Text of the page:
Australia becomes the most valuable beef exporter
20 February 2020
- Australia was the world’s most valuable beef exporter in 2019, with total exports generating US$7.5 billion (A$10.8 billion)
- Brazil was the world’s largest exporter on a volume basis, exporting 1.57 million tonnes swt of fresh/frozen beef
- Argentina won the award for most improved, growing their volume of exports 53% year-on-year.
Global export figures for 2019 have been published, with 7.3 million tonnes swt of beef/veal being exported on a global scale last year. Brazil firmly established itself as the top exporter by volume, followed by Australia, India and the US. However, while Australia sits behind Brazil in terms of volume exported, it betters its larger rival when comparing the total value of beef exports.
A 9% increase in export volume, combined with an average US exchange rate of 69.5 cents enabled Australia’s beef export value to expand by 17% on 2018. The prominent recipient of this growth was China, who as a single destination for Australian beef, contributed US$1.85 billion for the year, up a staggering US$883 million from 2018. Australia’s second most valuable market was Japan, contributing US$1.63 billion, back 3% on 2018.
Brazil finished 2019 as the top exporter by volume, shipping a whopping 1.57 million tonnes swt, a year-on-year increase of 16%. Export conditions in Brazil are favourable, with low currency rates enticing overseas buyers, while beef production continues to improve, driven by research and development into productivity and a growing feedlot sector. Exports to China fell just shy of 500,000 tonnes swt, up by 54% on 2018 and accounting for 32% of all Brazilian exports in 2019. Hong Kong and Egypt are the other major markets for Brazil, both taking 225,000 tonnes swt and 153,000 tonnes swt respectively. However, significant growth in the Chinese market has meant that Brazilian exports to these other markets has dropped off.
India exports frozen boneless carabeef, predominantly serving the South-East Asian markets Vietnam (426,000 tonnes swt), Malaysia (111,000 tonnes swt) and Indonesia (93,000 tonnes swt, year ending November). Supported by a large dairy industry, Indian buffalo meat (IBM) is primarily destined for commodity markets in developing nations. Reports indicate that in 2020, competitive pressure from other nations will negatively impact Indian exports to Vietnam and Iraq, with other markets such as Russia and Jordan expected to pick up their share of IBM.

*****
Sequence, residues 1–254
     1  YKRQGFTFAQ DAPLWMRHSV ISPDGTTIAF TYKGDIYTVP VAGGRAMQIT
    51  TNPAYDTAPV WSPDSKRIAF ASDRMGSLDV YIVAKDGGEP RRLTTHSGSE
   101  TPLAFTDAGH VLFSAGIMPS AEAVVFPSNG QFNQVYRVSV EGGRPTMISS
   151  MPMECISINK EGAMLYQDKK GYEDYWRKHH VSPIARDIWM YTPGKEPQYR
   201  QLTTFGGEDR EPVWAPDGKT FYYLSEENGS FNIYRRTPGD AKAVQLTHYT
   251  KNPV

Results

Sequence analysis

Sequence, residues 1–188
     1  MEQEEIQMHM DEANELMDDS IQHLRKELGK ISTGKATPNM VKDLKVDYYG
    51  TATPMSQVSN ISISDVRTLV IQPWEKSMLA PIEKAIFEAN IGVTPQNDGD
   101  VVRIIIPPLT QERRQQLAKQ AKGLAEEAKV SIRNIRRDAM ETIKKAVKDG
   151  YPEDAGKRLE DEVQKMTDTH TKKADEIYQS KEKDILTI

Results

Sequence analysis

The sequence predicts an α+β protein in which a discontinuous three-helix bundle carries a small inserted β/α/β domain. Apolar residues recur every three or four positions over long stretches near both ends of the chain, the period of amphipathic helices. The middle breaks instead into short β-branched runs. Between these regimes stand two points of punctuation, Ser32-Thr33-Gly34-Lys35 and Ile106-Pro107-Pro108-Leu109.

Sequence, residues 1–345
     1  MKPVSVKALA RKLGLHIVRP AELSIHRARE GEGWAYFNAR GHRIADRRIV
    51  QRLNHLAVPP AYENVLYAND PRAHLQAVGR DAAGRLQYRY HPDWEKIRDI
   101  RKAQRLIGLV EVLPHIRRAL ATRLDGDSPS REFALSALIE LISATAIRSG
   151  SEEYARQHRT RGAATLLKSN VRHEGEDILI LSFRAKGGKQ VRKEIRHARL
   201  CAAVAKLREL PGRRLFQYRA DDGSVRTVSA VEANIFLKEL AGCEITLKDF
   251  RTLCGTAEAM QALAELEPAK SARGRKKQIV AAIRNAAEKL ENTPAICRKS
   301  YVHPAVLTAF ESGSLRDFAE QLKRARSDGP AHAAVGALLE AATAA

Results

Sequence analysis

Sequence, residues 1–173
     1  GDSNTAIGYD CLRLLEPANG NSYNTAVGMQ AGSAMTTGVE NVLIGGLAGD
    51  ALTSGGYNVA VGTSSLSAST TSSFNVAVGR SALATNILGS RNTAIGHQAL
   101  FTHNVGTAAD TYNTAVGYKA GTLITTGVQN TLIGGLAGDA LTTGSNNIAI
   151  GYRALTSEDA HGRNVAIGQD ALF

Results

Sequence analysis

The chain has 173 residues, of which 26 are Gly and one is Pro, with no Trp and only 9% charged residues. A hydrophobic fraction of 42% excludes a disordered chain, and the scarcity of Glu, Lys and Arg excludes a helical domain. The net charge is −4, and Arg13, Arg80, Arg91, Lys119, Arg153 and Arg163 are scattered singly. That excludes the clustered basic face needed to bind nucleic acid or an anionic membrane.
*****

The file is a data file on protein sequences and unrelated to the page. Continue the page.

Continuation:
The United States is a key competitor for Australia, shipping beef to over 130 different destinations, with a significant presence in Australia’s high value markets such as Japan and South Korea. South Korea is a major growth market for the US, with beef exports up 8% year on year. The US enjoy a tariff advantage over Australia when exporting to South Korea, with the 2020 tariff set to 16% (and a safeguard volume of 318,000) compared to Australia’s 21.3% (safeguard volume of 174,087 tonnes). Looking forward, US beef exports heading to Asia will likely increase with the new agricultural trade agreements with Japan and China opening further opportunities for US beef.
Due to significant devaluation of the Peso, Argentina’s competitive export position has improved dramatically, drawing product away from the domestic market and lifting total beef export volumes radically in the last two years. Total beef exports lifted 54% last year; Argentina very much making the most of strong demand in China - where beef exports rose by 106% year-on-year to reach 425,000 tonnes swt. 76% of all Argentine beef exports went to China in 2019. Exports to Russia were hurt substantially by the re-entry of Brazil into the market, who have captured back much of the market share obtained by Argentina in 2018 (following 2018 Russian ban on Brazilian beef due to ractopamine use).
Beef exports from New Zealand lifted 6% in 2019, finishing the year at 458,000 tonnes swt. There has been significant swing between market destinations throughout the past few years with strong demand from China capturing much of the beef traditionally destined for the United States. Total exports to the US reached 127,000 tonnes swt, down 31% on 2018, while exports to China were 220,000, a lift of 90%. Chinese buyers were much more aggressive in 2019, willing to pay higher prices, thereby escalating the trend between these two nations. Apart from Japan and certain EU markets, the majority of New Zealand’s other destinations for beef experienced negative growth last year, undoubtedly unable to compete with Chinese buyers for price.
All things considered, 2020 is set to be a dynamic and competitive year for Australian beef exports. There are many disruptors in the international market (such as African Swine Fever and coronavirus) and combined with tightening domestic supply and expanding international supply, Australia will need to continue to focus on identifying and developing the most valuable opportunities for various beef cuts within diverse and evolving markets.
© Meat & Livestock Australia Limited, 2020
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